At 1:23 a.m. Moscow time on April 26th, 1986, the unthinkable happened at the Chernobyl Nuclear Power Plant. It would be years before the world got a proper sense of what exactly occurred, and even now the scale of the accident's casualties remains in dispute. The official death toll, referring to deaths directly caused by the immediate effects of the accident, has held steady at 31. The unofficial death toll, taking into account factors like a spike in cancer rates in the region around Chernobyl, falls somewhere between 4,000 and 93,000, depending on who's doing the math. As for what what actually transpired, and who was to blame, the Soviet Union, by the most reliable accounts, spent its final years trying to spin the details and downplay unflattering elements, choosing to save face rather than release facts that could help prevent a similar catastrophe in the future.
HBO's five-part miniseries Chernobyl dramatizes the accident, its aftereffects, the Soviet Union's blurring of the facts and blackballing of those trying to release them, and the heroic efforts of those who stood up to threats ranging from radiation to bureaucratic inertia — the latter potentially as deadly as the former. It's a lot to take on, but creator and writer Craig Mazin (previously best known for writing the Hangover sequels and having been Ted Cruz's college roommate) and director Jordan Renck create a sustained tone of dread that gives both the disaster and its aftermath the feel of a slow-rolling nightmare — one made all the more chilling by the series' dedication to remaining grounded in facts.
Chernobyl stars Jared Harris, Stellan Skarsgård, and Emily Watson, though its structure keeps them off-screen for most of the first episode. A grim, tone-setting prologue set two years after the accident introduces Valery Legasov (Harris), the scientist who led the government response to the accident, before Chernobyl flashes back to the accident itself, in which an already tense, late-night safety test becomes the site of chaos, confusion, destruction, and death. No one knows what's happening, and those in charge arrogantly refuse to accept facts or take any action that might prevent the matter from getting worse.
It's a chilling hour of television that alternates between a frantic recreation of the nuclear disaster and chilling details, like spectators watching from a nearby bridge, unaware they're signing their own death warrants by staring at the fire-engulfed reactor. Chernobyl's first episode plays alternately like a disaster film and a horror movie. It also foreshadows the events of subsequent episodes, when Legasov, joined by the gruff, initially reluctant government official Borys Shcherbina (Skarsgård) and fellow scientist Ulyana Khomyuk (Emily Watson, playing a composite character standing in for the response of the scientific community), have to battle shock, confusion, and misguided PR efforts to keep the disaster from worsening. And, based on the facts presented here, it could have been so much worse without the quick thinking and sacrifices of those who worked to contain a catastrophe that could have devastated a wide swathe of Eastern Europe if not kept in check.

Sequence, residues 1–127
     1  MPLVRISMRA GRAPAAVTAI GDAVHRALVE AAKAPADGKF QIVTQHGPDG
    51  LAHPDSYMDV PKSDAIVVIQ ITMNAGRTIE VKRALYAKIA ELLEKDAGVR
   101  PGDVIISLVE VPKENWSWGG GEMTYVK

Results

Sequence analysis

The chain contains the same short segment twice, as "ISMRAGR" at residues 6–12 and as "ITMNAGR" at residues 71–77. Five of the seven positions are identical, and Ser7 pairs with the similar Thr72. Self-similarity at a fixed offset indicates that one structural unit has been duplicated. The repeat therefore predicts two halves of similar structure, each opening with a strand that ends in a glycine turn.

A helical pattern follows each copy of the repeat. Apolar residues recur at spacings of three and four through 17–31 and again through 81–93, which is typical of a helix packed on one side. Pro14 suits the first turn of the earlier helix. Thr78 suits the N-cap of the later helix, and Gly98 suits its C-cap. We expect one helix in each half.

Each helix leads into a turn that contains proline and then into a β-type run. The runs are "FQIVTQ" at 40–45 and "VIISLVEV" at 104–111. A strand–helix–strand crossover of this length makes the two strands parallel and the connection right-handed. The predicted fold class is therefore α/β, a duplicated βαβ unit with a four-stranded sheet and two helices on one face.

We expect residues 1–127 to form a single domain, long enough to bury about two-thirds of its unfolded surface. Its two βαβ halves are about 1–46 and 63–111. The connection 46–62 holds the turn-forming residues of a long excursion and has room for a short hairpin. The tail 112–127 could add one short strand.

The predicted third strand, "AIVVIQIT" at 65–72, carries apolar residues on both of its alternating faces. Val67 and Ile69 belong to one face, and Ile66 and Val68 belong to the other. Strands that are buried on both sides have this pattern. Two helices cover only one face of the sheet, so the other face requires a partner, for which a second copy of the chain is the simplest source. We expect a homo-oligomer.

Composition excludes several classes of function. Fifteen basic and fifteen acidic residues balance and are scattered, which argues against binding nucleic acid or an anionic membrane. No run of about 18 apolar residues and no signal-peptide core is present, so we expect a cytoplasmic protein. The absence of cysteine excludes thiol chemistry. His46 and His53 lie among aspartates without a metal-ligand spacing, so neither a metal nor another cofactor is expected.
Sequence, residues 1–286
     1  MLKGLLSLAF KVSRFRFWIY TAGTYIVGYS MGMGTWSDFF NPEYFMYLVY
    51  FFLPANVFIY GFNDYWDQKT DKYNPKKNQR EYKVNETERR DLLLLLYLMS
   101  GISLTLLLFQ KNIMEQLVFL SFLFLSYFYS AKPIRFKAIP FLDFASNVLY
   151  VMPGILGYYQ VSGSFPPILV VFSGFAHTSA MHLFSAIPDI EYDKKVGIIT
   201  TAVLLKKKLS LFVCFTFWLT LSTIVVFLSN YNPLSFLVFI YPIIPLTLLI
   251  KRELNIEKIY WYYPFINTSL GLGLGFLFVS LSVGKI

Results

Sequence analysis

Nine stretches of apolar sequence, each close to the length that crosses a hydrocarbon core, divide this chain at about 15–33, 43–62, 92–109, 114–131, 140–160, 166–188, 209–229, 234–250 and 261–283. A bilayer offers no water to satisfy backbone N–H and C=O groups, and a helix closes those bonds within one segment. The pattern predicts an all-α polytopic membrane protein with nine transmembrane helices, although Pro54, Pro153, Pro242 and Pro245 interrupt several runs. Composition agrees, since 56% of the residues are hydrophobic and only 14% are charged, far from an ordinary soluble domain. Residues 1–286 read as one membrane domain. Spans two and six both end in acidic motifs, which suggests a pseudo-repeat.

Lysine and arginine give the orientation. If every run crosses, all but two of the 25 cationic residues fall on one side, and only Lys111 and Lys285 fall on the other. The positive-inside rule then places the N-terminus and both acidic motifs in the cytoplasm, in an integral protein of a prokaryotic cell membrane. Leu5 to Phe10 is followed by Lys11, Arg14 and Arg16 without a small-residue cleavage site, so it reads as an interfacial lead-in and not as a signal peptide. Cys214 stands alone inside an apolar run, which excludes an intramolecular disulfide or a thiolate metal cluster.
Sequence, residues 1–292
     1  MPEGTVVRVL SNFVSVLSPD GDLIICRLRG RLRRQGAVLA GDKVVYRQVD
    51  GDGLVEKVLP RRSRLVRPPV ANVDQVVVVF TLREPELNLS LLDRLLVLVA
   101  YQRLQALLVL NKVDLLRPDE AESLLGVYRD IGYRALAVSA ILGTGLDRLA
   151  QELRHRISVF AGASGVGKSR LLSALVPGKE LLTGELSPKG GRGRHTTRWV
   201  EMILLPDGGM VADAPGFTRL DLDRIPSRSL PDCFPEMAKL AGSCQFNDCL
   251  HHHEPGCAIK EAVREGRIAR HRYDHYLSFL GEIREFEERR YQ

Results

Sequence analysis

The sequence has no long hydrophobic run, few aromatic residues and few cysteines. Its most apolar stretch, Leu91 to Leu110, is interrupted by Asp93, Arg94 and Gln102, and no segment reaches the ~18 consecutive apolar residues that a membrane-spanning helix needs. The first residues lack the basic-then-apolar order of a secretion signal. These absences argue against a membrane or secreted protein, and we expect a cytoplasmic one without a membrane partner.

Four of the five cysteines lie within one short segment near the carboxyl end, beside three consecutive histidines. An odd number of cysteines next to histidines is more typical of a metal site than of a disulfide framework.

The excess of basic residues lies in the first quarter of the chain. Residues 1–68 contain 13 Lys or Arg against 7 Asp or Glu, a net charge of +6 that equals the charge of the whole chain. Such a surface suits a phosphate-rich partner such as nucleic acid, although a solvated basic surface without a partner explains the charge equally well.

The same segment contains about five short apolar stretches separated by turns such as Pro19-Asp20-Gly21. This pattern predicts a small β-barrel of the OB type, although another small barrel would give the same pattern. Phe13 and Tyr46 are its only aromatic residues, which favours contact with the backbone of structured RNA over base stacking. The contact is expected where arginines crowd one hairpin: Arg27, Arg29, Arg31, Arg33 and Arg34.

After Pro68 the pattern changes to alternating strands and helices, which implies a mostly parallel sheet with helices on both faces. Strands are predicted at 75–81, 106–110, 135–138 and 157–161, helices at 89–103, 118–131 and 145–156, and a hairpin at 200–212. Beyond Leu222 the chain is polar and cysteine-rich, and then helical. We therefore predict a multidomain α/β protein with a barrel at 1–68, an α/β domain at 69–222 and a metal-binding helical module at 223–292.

For all the heroism Chernobyl depicts, however, it doesn't look away from the damage done by the disaster, both tangible and otherwise. The series portrays in grisly detail what it's like to die of radiation poisoning, and what it's like to watch as a loved one becomes barely recognizable as human because of exposure. One episode devotes a chunk of its running time to an effort to clear the affected area of irradiated animals, following a small squad as it moves from house to house killing pets that have been left behind and observing a newcomer forced to get over the shock of his grisly new duties, and the reality of what life in the area has become. Through it all, Mazin and Renck linger on carefully chosen details and memorable images, like a pile of radiation-tainted clothing stacked in the basement of a hospital or coal miners working in the nude, as their fathers did, as they labor in sweltering conditions and willingly risk their health for the greater good.
Skarsgård, Watson, and a sprawling supporting cast portraying everyone from Ukrainian first responders to Mikhail Gorbachev all turn in excellent work, but it's Harris who anchors the series. His anxious face doubles as a barometer for the gravity of the situation, when no response seems like it will come fast enough and one effort after another meets with disaster, from helicopters to lunar rovers. In one meeting with higher-ups, Skarsgård's Shcherbina describes the situation as "stable"; seated next to him, Harris works through a wordless flood of emotions, letting anger melt into fear then panic then back to anger again.
The performance also encapsulates Chernobyl's most impressive achievement: making a disaster that occurred long ago and far away seem present and real. The series details what took place before and after the reactor explosion but also the conditions that allowed it to happen, and which came close to making it even worse. As such, it doubles as a warning about who pays the cost when the hard facts of science butt up against political agendas, whether decades ago on the other side of the Iron Curtain or here and now. Some bad decisions have half-lives that last for centuries.
Chernobyl premieres Monday, May 6 on HBO.